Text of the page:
Conservation of Birds

We read everyday about the threats facing birds worldwide. This is nothing new but it is more critical than ever before. Nearly 40% of the bird population of the U.S.has disappeared over the past 50 years. An estimated 1000-1200 species of birds are threatened with extinction within a century; that is 12% of the 10,000 bird species that now exist. There is no single reason, but habitat destruction is certainly a major factor. Climate change – global warming- has also increased the threats to birds. Then factor in the mortality of birds caused by windows, cats, hunting, pollution, wind farms, power lines, pesticides, and other dangers, and we are at a crisis stage. There have been some success stories over the years, such as pulling back the Bald Eagle, Peregrine Falcon, and Whooping Crane from the edge of extinction, but more and larger efforts need to be made to halt the decline of our feathered friends. The feather trade of the late 1800’s and early 1900’s stimulated the rise of the Audubon Society and laws to protect birds. Let’s look at the most important legal landmark.

usfwsThe Migratory Bird Treaty Act | Birders and US Federal Laws

This law makes it illegal for anyone to take, possess, import, export, transport, sell, purchase, barter, or offer for sale, purchase, or barter, any migratory bird, or the parts, nests, or eggs of such a bird except under the terms of a valid permit issued pursuant to Federal regulations. The MBTA is a law that protects birds from people. When Congress passed the MBTA in 1918, it codified a treaty already signed with Canada (then part of Great Britain) in response to the extinction or near-extinction of a number of bird species that were hunted either for sport or for their feathers. According to the USFWS, “The MBTA provides that it is unlawful to pursue, hunt, take, capture, kill, possess, sell, purchase, barter, import, export, or transport any migratory bird, or any part, nest, or egg or any such bird, unless authorized under a permit issued by the Secretary of the Interior. Some regulatory exceptions apply. Take is defined in regulations as: ‘pursue, hunt, shoot, wound, kill, trap, capture, or collect, or attempt to pursue, hunt, shoot, wound, kill, trap, capture, or collect.’ ”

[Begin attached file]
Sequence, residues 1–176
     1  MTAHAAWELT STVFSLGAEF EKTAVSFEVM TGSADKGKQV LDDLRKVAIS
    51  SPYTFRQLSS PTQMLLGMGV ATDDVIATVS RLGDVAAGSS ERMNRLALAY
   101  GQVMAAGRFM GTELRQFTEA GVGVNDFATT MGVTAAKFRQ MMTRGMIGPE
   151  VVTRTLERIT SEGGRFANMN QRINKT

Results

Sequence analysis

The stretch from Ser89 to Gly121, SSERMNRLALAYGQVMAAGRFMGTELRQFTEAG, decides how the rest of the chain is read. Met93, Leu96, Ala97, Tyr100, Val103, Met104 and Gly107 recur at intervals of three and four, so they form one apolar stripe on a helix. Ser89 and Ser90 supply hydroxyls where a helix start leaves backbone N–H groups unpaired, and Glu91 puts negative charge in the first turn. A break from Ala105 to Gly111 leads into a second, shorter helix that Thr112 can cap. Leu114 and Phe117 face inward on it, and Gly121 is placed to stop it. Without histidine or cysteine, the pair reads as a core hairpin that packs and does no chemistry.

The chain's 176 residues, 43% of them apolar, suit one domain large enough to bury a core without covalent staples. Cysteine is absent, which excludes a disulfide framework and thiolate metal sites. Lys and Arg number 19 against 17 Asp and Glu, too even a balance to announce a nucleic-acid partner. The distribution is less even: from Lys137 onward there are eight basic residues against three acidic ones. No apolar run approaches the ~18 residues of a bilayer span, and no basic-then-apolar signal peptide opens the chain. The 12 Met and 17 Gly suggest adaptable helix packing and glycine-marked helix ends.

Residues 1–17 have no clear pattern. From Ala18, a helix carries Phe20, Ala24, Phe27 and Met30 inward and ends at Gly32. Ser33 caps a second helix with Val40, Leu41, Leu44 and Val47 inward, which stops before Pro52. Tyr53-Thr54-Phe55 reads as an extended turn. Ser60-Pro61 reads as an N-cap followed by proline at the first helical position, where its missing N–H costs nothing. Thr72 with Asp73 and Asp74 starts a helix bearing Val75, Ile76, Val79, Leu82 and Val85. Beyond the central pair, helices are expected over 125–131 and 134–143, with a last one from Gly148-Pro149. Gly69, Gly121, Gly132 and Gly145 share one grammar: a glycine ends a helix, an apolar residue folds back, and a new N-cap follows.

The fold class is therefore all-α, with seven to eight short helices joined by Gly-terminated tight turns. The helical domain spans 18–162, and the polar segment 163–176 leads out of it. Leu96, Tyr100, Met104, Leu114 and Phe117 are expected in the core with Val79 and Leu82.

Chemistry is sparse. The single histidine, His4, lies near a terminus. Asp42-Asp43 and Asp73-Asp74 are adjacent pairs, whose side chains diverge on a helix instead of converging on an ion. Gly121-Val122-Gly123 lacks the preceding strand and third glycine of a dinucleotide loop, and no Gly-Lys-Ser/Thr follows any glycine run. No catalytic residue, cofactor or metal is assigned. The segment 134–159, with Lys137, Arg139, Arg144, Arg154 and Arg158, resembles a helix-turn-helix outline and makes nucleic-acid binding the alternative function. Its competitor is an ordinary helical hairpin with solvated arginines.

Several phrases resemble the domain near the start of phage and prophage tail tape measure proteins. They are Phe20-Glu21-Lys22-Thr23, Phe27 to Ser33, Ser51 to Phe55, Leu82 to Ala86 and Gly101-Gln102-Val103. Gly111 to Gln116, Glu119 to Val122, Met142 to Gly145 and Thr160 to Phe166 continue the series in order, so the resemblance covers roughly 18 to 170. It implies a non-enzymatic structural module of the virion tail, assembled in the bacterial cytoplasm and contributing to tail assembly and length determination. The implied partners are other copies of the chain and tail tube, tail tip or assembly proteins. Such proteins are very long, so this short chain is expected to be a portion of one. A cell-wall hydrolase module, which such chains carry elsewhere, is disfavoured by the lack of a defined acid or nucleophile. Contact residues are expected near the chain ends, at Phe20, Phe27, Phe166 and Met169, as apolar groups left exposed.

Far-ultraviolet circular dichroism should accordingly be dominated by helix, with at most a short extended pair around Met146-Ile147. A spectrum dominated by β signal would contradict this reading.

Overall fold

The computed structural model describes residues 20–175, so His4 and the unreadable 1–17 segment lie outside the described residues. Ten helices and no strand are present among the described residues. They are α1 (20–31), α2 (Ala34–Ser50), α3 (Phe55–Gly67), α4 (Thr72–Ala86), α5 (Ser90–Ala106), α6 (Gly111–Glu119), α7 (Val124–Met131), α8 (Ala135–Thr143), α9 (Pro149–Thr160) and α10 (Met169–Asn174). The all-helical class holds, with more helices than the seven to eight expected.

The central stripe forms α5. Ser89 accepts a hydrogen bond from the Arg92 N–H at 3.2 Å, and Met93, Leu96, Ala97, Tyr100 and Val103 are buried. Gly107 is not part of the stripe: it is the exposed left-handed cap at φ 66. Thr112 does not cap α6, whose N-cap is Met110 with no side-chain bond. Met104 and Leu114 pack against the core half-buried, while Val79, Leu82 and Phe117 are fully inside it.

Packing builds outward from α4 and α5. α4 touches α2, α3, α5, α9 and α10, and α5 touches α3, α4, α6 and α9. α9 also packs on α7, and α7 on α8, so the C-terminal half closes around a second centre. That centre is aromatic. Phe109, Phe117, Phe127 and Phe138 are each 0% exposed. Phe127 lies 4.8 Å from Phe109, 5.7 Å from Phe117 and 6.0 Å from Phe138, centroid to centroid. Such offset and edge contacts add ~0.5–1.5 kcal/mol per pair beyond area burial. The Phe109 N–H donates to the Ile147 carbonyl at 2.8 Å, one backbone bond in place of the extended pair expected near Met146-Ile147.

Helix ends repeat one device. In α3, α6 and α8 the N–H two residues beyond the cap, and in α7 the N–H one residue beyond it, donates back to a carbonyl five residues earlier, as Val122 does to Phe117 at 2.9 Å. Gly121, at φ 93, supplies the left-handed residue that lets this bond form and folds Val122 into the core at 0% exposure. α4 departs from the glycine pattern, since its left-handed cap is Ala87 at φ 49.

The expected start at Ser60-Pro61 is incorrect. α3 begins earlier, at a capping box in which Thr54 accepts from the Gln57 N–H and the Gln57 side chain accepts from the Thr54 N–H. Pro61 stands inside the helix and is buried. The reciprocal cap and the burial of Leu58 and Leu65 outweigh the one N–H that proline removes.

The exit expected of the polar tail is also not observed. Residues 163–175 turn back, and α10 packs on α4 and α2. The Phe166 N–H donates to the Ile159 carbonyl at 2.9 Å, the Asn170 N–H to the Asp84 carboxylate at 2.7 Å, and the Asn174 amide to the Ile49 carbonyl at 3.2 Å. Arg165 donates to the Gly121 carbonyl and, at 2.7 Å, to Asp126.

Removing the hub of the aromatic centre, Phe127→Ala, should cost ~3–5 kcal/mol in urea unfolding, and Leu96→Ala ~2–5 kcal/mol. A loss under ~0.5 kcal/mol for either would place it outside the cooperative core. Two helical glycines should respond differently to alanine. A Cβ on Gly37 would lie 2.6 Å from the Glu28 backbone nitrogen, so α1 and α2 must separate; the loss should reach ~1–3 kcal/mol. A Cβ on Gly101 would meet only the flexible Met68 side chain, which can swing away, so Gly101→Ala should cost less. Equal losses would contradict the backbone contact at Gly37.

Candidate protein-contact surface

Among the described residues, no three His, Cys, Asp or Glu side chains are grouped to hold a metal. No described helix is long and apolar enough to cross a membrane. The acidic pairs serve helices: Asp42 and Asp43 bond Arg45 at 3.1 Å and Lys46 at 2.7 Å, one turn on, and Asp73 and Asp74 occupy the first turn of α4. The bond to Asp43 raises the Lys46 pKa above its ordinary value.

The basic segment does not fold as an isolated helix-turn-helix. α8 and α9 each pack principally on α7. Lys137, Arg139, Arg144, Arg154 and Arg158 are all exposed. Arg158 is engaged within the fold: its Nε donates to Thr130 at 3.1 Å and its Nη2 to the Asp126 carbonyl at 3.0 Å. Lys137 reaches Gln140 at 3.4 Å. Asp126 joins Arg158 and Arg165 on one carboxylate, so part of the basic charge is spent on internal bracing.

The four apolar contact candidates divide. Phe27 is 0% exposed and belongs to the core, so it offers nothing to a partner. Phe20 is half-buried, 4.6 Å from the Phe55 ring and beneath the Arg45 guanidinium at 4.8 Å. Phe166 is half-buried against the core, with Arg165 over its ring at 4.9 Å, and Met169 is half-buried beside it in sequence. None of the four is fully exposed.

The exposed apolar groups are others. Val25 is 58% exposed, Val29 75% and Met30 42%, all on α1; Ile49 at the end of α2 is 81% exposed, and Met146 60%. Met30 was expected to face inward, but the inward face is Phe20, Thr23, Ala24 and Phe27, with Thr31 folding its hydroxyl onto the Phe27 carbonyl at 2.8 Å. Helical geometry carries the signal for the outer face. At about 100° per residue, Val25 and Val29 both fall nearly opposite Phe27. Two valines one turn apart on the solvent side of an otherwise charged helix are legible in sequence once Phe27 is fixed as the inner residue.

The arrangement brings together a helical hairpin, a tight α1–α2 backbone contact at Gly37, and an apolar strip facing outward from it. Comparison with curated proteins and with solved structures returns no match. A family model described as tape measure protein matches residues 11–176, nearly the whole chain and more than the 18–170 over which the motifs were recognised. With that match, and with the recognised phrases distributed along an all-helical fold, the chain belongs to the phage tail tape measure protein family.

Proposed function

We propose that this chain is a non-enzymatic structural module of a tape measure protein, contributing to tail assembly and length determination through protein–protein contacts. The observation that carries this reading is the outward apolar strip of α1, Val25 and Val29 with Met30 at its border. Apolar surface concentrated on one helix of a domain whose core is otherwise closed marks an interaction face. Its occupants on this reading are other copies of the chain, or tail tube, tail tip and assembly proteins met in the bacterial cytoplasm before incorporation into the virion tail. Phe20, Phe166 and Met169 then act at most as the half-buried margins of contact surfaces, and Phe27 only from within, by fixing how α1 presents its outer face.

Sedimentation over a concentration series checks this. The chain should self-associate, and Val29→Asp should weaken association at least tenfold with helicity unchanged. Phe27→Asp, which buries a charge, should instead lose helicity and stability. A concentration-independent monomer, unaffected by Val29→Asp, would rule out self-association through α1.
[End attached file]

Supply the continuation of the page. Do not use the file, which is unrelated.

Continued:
Since its passage, the MBTA has expanded its geographic area (via treaties with Mexico, Japan, and Russia) and the scope of its coverage (adding eagles, corvids, and other birds). In 1962 it was updated to address how Native American tribes can collect feathers from protected birds for religious ceremonies (a practice otherwise banned by the MBTA)birdlife

Environmental Organization Web Directory
Glossary of Avian Conservation Biology Terms
Birds and the Law
Bird Conservation Magazine
Bird Conservation Alliance
Bird Conservation Network


Audubon’s Important Bird Areas Program
Avian Research and Conservation Institute
Birdlife International

British Trust for Ornithology

Smithsonian Conservation Biology Institute
Defenders of Wildlife
Earthwatch Institute
Environmental Protection Agency
National Audubon Society

The Nature Conservancy

National Estuary Program
National Fish and Wildlife Foundation
Natl Parks and Conservation Association
National Partners in Watchable Wildlife

North American Bird Conservation Initiative
Partners in Flight
Royal Society for the Protection of Birds
Smithsonian Migratory Bird Center

USGS Patuxent Wildlife Research Center
Wildfowl and Wetlands Trust
Windstar Wildlife Institute  

Species-Specific Conservation Groups
Cerulean Warbler Conservation
Friends of the Lesser White-fronted Goose
Federal Duck Stamp Program
Golden-winged Warbler Working Group
International Crane Foundation
North American Bluebird Society
Platte River Whooping Crane Trust
Purple Martin Conservation AssociationSeabird Restoration Group

World Owl Trust
World Parrot Trust

Birds of Prey Organizations

American Eagle Foundation
Barn Owl Centre
The Birds of Prey Foundation
California Condor Reintroduction Program
Canadian Peregrine Foundation
Global Raptor Information Network
Hawk Mountain Sanctuary
Hawkwatch International
International Osprey Foundation

The Peregrine Fund
Raptor Research Foundation         

4 thoughts on “Conservation of Birds”


    Hello I recently found a bird and it seems like it’s 2 weeks old but unfortunately I don’t know what type of bird it is
    Could u plss help me out

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